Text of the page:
Rules


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RULES, English law. The rules of the King's Bench and Fleet are certain limits without the actual walls of the prisons, where the prisoner, on proper security previously given to the marshal of the king's bench, or warden of the fleet, may reside; those limits are considered, for all legal and practical purposes, as merely a further extension of the prison walls.
     2. The rules or permission to reside without the prison, may be obtained by any person not committed criminally; 2 Str. R. 845; nor for contempt Id. 817; by satisfying the marshal or warden of the security with which he may grant such permission.

A Law Dictionary, Adapted to the Constitution and Laws of the United States. By John Bouvier. Published 1856.
References in classic literature ?
The burning of towns and villages, the retreats after battles, the blow dealt at Borodino and the renewed retreat, the burning of Moscow, the capture of marauders, the seizure of transports, and the guerrilla war were all departures from the rules.
Napoleon felt this, and from the time he took up the correct fencing attitude in Moscow and instead of his opponent's rapier saw a cudgel raised above his head, he did not cease to complain to Kutuzov and to the Emperor Alexander that the war was being carried on contrary to all the rules- as if there were any rules for killing people.
For this our determination we do not hold ourselves strictly bound to assign any reason; it being abundantly sufficient that we have laid it down as a rule necessary to be observed in all prosai-comi-epic writing.
To avoid, therefore, all imputation of laying down a rule for posterity, founded only on the authority of ipse dixit --for which, to say the truth, we have not the profoundest veneration--we shall here waive the privilege above contended for, and proceed to lay before the reader the reasons which have induced us to intersperse these several digressive essays in the course of this work.
These principalities are liable to danger when they are passing from the civil to the absolute order of government, for such princes either rule personally or through magistrates.
"Yes; he was one of those who helped Dorothy to destroy the Wicked Witch of the West, and the Winkies were so grateful that they invited him to become their ruler, -- just as the people of the Emerald City invited the Scarecrow to rule them."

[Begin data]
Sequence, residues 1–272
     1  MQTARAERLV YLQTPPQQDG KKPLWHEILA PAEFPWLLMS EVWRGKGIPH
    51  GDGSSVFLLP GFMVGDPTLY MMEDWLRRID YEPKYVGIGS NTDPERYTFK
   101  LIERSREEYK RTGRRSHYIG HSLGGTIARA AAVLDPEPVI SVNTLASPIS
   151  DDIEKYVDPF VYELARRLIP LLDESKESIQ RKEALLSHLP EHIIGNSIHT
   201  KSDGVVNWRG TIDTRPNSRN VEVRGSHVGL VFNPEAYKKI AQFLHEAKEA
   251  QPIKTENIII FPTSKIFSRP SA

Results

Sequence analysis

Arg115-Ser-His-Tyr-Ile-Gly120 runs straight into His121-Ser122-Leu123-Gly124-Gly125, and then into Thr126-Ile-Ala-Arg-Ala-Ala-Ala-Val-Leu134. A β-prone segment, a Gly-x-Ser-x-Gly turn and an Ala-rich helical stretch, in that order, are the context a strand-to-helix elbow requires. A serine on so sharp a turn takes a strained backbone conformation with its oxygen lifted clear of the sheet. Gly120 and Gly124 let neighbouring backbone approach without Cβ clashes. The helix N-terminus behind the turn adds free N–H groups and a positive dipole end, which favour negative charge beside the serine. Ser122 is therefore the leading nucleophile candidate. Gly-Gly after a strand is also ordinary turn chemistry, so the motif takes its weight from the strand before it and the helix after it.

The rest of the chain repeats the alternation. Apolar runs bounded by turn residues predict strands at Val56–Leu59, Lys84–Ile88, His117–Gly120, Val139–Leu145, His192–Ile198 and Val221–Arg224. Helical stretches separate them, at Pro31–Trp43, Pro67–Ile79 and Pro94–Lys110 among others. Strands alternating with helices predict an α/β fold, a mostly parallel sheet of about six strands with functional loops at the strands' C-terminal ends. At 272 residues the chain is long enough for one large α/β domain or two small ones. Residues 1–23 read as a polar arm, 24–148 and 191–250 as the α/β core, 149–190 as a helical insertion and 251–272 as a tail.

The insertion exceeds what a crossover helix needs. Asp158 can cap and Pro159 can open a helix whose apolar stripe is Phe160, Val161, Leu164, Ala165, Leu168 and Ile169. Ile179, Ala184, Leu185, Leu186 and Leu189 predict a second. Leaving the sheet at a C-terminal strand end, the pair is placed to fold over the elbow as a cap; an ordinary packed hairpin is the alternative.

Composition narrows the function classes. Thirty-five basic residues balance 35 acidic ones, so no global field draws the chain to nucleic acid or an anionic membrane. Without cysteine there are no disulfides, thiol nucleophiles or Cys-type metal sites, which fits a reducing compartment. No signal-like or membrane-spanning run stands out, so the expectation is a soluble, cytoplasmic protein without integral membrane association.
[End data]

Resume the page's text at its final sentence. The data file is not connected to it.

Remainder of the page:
Now do these complex and singular rules indicate that species have been endowed with sterility simply to prevent their becoming confounded in nature?
The foregoing rules and facts, on the other hand, appear to me clearly to indicate that the sterility both of first crosses and of hybrids is simply incidental or dependent on unknown differences, chiefly in the reproductive systems, of the species which are crossed.
It is a fundamental principle of the proposed Constitution, that as the aggregate number of representatives allotted to the several States is to be determined by a federal rule, founded on the aggregate number of inhabitants, so the right of choosing this allotted number in each State is to be exercised by such part of the inhabitants as the State itself may designate.
"But I assure you, my good people, that I do not wish to rule the Emerald City," he added, earnestly.
Your brain may not be so large to look at as those of the Scarecrow, but you are really brighter than he is--when you are well polished-- and I am sure you will rule the Winkies wisely and well."
The desire of society for the statesman's advice is taken for granted, Plato in the Republic says that a good constitution is only possible when the ruler does not want to rule; where men contend for power, where they have not learnt to distinguish between the art of getting hold of the helm of state and the art of steering, which alone is statesmanship, true politics is impossible.